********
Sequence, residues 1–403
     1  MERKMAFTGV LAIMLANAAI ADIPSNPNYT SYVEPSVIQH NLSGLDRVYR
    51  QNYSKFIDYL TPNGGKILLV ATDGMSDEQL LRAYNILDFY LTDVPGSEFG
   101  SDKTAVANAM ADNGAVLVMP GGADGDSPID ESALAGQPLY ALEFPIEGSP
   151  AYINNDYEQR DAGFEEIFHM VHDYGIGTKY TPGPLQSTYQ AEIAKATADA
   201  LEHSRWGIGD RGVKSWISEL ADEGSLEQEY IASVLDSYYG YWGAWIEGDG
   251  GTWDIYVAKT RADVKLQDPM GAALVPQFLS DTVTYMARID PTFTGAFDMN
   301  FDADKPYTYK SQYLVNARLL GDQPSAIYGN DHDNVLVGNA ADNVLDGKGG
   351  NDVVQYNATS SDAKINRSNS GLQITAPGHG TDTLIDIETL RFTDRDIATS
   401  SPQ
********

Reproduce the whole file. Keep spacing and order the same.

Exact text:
Sequence, residues 1–403
     1  MERKMAFTGV LAIMLANAAI ADIPSNPNYT SYVEPSVIQH NLSGLDRVYR
    51  QNYSKFIDYL TPNGGKILLV ATDGMSDEQL LRAYNILDFY LTDVPGSEFG
   101  SDKTAVANAM ADNGAVLVMP GGADGDSPID ESALAGQPLY ALEFPIEGSP
   151  AYINNDYEQR DAGFEEIFHM VHDYGIGTKY TPGPLQSTYQ AEIAKATADA
   201  LEHSRWGIGD RGVKSWISEL ADEGSLEQEY IASVLDSYYG YWGAWIEGDG
   251  GTWDIYVAKT RADVKLQDPM GAALVPQFLS DTVTYMARID PTFTGAFDMN
   301  FDADKPYTYK SQYLVNARLL GDQPSAIYGN DHDNVLVGNA ADNVLDGKGG
   351  NDVVQYNATS SDAKINRSNS GLQITAPGHG TDTLIDIETL RFTDRDIATS
   401  SPQ